• In China's recovery to COVID-19, it can take the lead in environmental action.
  • The country can take concrete measures to balance environmental and commercial interests.
  • Humanity has an unprecedented opportunity to transition to a carbon-neutral and nature-positive global economy.

The unfolding COVID-19 pandemic is having undeniable human and economic impacts. China has been hit hard by the virus but, as one of the first countries to see a decline in the rate of infections, also has a leadership opportunity in the post-COVID-19 future. A focus on nature could provide opportunities to recover from this pandemic, as well as prevent future such crises.

While no conclusive link has been made with COVID-19, some evidence shows that loss of habitat and the illegal wildlife trade could lead to an increase in animal-borne, so-called zoonotic, diseases. This raises important questions about the interlinkage of biodiversity loss and the resilience of interconnected supply chains in the global economy.

Healthy ecosystems can support economic growth, societal wellbeing and climate stabilization. As such, while encroachment and the misuse of nature is increasingly being thought of as a source of future pandemics, nature also offers solutions that we desperately need to recover from this crisis and to build our resilience to face others.

Last week, more than 500 top business leaders, government representatives, and scholars met at the World Economic Forum’s China Business Roundtable (CBR) to discuss how to deal with this rapidly-changing reality and ensure a stable post-COVID recovery. China’s philosophy of an Ecological Civilization, enshrined in the 2018 Chinese constitution and also the theme of the UN CBD COP15 puts forward an ambitious vision that could provide a broad framework within which to assess and calibrate humanity’s current relationship with nature and a vision of a harmonization between environmental and commercial interests.

China was not always seen as an environmental leader. However, in the early 2010s after a year of severe smog in 2011/12 dubbed “airpocalypse,” the Government of China initiated a large national action plan to combat air pollution and other environmental challenges. It is around this time that the government also began the China Ecological Conservation Red Line (ECRL) initiative to protect more than one-quarter of the Chinese mainland — an area almost the size of France, Spain, Turkey, Germany and Italy combined, totalling more than 2.4 million square kilometres.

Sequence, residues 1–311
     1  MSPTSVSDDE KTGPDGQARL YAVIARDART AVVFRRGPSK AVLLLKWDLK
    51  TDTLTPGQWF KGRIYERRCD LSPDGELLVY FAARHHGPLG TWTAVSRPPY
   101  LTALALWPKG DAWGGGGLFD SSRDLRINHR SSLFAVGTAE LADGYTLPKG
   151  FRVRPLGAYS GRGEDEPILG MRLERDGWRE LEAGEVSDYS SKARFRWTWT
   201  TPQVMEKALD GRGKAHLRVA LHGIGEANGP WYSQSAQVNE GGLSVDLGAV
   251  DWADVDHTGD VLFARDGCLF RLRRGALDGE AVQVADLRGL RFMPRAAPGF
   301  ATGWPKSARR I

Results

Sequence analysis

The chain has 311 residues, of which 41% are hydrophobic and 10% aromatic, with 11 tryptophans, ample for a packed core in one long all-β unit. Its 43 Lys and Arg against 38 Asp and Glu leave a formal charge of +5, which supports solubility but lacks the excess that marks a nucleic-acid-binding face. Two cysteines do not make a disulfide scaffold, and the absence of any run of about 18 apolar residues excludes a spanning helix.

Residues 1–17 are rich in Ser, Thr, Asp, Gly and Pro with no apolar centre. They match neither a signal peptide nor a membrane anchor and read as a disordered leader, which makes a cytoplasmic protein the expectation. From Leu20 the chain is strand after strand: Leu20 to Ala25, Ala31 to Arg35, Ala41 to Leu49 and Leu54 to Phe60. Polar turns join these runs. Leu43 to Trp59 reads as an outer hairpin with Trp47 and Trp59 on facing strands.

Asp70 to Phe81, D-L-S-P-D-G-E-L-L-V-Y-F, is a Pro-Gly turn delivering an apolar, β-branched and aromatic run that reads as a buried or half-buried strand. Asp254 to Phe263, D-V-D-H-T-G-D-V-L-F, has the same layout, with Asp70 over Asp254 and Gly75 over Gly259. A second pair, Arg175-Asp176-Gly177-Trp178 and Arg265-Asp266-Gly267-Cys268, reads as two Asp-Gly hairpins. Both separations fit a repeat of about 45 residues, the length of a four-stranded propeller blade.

The unfolding COVID-19 pandemic is causing business and government leaders to make difficult decisions. We are at a turning point where we cannot go back to business-as-usual and instead must use this opportunity to transition to a carbon-neutral and nature-positive global economy.

While initial investments and stimulus packages should rightly be focused on human health, livelihoods, resilience and the most vulnerable, we must find a way to invest in new opportunities that are nature-positive and not go back to old business models with an unsustainable relation with the environment as a mere externality.

Image: World Economic Forum

Initiatives such China’s Grain for Green Programme, Natural Forest Protection Programme, National Park System and Ecological Function Zoning provide significant learnings as the world looks to adopting clear policies forest protection, restoration and sustainable management. An equally important measure undertaken by China is to establish a national accounting system of natural capital and ecosystem services. Such continued investment in nature could shift our understanding of nature-related risks and opportunities and could serve to prevent future economic, health and environmental crises.

Intact nature can provide business opportunities and cost-effective nature-based solutions to many of society’s problems. For example, the Food and Land-use Coalition’s recent report found that transitions in the food and land-use sector could provide $4.5 trillion a year in new business opportunities by 2030 while preventing trillions of dollars’ worth of social and environmental harms.

What is the World Economic Forum doing about the coronavirus outbreak?

Responding to the COVID-19 pandemic requires global cooperation among governments, international organizations and the business community, which is at the centre of the World Economic Forum’s mission as the International Organization for Public-Private Cooperation.

Since its launch on 11 March, the Forum’s COVID Action Platform has brought together 1,667 stakeholders from 1,106 businesses and organizations to mitigate the risk and impact of the unprecedented global health emergency that is COVID-19.

The platform is created with the support of the World Health Organization and is open to all businesses and industry groups, as well as other stakeholders, aiming to integrate and inform joint action.

As an organization, the Forum has a track record of supporting efforts to contain epidemics. In 2017, at our Annual Meeting, the Coalition for Epidemic Preparedness Innovations (CEPI) was launched – bringing together experts from government, business, health, academia and civil society to accelerate the development of vaccines. CEPI is currently supporting the race to develop a vaccine against this strand of the coronavirus.

Businesses are more dependent on nature than previously thought, with over half of the world’s GDP moderately or highly dependent on nature and its services. China has the highest absolute amount of GDP in nature-dependent sectors in the world at $2.7 trillion. China’s GDP is 20% highly dependent on nature, 38% medium dependent on nature and 41% low dependent on nature.